Ureteral retrograde brush biopsy
Ureteral retrograde brush biopsy is a surgical procedure. During the surgery, your surgeon takes a small sample of tissue from the lining of the kidney or ureter. The ureter is the tube that connects a kidney to the bladder. The tissue is sent to a lab for testing.
Biopsy - brush - urinary tract; Retrograde ureteral brush biopsy cytology; Cytology - ureteral retrograde brush biopsy
How the Test is Performed
This procedure is done using:
You will not feel any pain. The test takes about 30 to 60 minutes.
A cystoscope is first placed through the urethra into the bladder. Cystoscope is a tube with a camera on the end.
The sample is then sent to a pathology lab for analysis. The instrument and guide wire are removed from the body. A small tube or stent may be left in the ureter. This prevents a kidney blockage caused by swelling from the procedure. It is removed later.
How to Prepare for the Test
You may not be able to eat or drink anything for about 6 hours before the test. Your health care provider will tell you how you need to prepare.
How the Test will Feel
You may have some mild cramping or discomfort after the test is over. You may have a burning feeling the first few times you empty your bladder. You may also urinate more often or have some blood in your urine for a few days after the procedure. You may have discomfort from the stent that will continue to be in place until it is removed at a later time.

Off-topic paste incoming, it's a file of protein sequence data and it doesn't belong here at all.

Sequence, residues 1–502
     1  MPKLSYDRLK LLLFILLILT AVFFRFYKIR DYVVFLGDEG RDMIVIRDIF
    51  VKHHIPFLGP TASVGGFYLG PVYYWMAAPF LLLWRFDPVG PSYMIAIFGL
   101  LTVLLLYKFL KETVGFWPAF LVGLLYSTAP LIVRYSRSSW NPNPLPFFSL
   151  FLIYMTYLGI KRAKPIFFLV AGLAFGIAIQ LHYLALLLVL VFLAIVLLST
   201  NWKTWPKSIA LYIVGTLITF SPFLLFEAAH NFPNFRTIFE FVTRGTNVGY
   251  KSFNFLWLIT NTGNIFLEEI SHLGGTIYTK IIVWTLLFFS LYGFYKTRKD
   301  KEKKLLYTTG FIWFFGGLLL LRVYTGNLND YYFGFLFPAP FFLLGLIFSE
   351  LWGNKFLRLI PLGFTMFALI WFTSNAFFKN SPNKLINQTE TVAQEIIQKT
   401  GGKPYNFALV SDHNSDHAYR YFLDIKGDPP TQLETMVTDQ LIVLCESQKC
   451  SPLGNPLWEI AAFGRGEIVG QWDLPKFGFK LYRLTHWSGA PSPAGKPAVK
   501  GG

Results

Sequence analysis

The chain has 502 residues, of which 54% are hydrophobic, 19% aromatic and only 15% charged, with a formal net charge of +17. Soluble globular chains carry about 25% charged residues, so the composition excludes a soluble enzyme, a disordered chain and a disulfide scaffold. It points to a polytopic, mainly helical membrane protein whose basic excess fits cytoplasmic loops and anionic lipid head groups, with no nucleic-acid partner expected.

Why the Test is Performed
This test is used to take a sample of tissue from the kidney or ureter. It is performed when an x-ray or other test has shown a suspicious area (lesion). This can also be done if there is blood or abnormal cells in the urine.
The tissue appears normal.
What Abnormal Results Mean
Risks for anesthesia and surgery in general are:
Another possible risk for this procedure is a hole (perforation) in the ureter. This can cause scarring of the ureter and you may need another surgery to correct the problem. Tell your provider if you have an allergy to seafood. This could cause you to have an allergic reaction to the contrast dye used during this test.
This test should not be performed in people with a:
You may have abdominal pain or pain on your side (flank).
A small amount of blood in the urine is normal the first few times you urinate after the procedure. Your urine may look faintly pink. Report very bloody urine or bleeding that lasts longer than 3 emptyings of the bladder to your provider.
Call your provider if you have:
National Institute of Diabetes and Digestive and Kidney Diseases website. Cystoscopy and ureteroscopy. www.niddk.nih.gov/health-information/health-topics/diagnostic-tests/cystoscopy-ureteroscopy/Pages/default.aspx. Updated June 2015. Accessed July 17, 2018.
Smith AK, Matin SF, Jarrett TW. Urothelial tumors of the upper urinary tract and ureter. In: Wein AJ, Kavoussi LR, Partin AW, Peters CA, eds. Campbell-Walsh Urology. 11th ed. Philadelphia, PA: Elsevier; 2016:chap 58.
Review Date: 5/31/2018
Reviewed By: Sovrin M. Shah, MD, Assistant Professor, Department of Urology, The Icahn School of Medicine at Mount Sinai, New York, NY. Review provided by VeriMed Healthcare Network. Also reviewed by David Zieve, MD, MHA, Medical Director, Brenda Conaway, Editorial Director, and the A.D.A.M. Editorial team.
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